Sweet transvestite

I was having an email exchange the other day with a reader who identifies as bisexual about what it was like to be sexually attracted by both genders myself, specifically as a young person. It’s hard for me to relate today to someone who doesn’t find something appealing about both male and female forms. Not just the shape of their bodies and format of their genitals, but the very different emotional and psychological attributes of each bring to an encounter.

For as long as I can remember, there were things that appealed to me about both boys and girls. Things that eventually started to play out as sexual games (or as close as you can get when you’re very young). I knew that I shouldn’t tell my parents about these things and I also knew that obviously the boys ended up with the girls eventually, but it all seemed so perfectly natural to me. And until I was in junior high, I never had any kind of fun with another boy who seemed weirded out by it. There was this one guy who lived nearby who always seemed more than happy for me to go down on him but was never all that enthusiastic with the concept of reciprocity.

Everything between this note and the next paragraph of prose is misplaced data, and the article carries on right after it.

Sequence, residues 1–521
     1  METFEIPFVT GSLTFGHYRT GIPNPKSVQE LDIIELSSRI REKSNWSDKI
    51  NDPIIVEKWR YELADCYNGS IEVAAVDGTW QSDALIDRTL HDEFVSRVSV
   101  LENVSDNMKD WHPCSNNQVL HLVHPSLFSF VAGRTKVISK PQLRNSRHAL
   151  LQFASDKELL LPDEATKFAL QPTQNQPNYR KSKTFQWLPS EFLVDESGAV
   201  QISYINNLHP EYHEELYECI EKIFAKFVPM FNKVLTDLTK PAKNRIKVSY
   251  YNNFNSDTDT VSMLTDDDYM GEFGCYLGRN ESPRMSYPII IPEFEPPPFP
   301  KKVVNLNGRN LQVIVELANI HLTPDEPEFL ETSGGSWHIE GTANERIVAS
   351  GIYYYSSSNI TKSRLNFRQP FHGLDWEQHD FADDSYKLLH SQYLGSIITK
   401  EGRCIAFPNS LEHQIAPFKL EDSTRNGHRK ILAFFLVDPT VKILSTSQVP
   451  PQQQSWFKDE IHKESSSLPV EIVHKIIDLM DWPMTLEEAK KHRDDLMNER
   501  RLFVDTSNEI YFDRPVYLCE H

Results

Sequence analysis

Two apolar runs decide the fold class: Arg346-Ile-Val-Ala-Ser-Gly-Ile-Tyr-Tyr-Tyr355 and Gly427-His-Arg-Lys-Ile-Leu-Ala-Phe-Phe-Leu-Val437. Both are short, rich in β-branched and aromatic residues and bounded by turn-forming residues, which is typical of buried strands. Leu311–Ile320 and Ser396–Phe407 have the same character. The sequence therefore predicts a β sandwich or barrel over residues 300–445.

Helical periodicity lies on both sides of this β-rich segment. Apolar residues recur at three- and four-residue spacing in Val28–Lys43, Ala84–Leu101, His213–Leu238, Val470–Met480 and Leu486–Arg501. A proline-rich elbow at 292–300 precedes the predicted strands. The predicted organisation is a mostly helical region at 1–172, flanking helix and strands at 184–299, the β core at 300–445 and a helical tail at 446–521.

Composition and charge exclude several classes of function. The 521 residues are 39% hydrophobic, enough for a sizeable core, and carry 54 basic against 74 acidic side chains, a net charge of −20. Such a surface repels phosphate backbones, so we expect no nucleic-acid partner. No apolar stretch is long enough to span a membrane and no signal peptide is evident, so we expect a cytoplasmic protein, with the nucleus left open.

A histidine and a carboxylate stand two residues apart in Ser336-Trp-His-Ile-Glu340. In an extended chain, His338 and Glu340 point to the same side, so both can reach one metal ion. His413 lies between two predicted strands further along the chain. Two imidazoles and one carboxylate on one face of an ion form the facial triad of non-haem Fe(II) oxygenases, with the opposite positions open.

For a long while, after I figured out how not normal it was to play around with boys, I used to think there was something about me, specifically, that made them think I would be up for stuff the other boys wouldn’t. Perhaps that’s true, I don’t know. Maybe there are signals we project unknowingly or I exhibited certain mannerisms or had the right kind of pheromones or some shit like that, but by the time I entered high school, I figured out that I had had way more same-sex fun than any other of my friends. Even the ones that were starting to show signs of being gay. Interestingly, it seemed like the gay boys had had less experience with other boys, perhaps because they were overly self-conscious about their feelings. Who knows. Anyway, for a long time, I thought it was me, not them. That I had somehow invited this attention and that they felt I was a safe source of something they would never tell their other friends about.